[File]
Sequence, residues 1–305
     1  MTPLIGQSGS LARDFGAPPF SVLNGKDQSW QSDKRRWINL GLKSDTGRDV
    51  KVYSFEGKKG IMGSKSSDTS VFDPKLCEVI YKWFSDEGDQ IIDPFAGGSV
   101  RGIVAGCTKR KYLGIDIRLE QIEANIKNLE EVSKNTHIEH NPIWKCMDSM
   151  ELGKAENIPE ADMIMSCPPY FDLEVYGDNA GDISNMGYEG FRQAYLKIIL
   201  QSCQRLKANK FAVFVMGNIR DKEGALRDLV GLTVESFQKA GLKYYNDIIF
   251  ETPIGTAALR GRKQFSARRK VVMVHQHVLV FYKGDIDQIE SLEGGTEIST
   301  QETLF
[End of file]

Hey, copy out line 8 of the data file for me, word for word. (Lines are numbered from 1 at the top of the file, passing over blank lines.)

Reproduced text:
   301  QETLF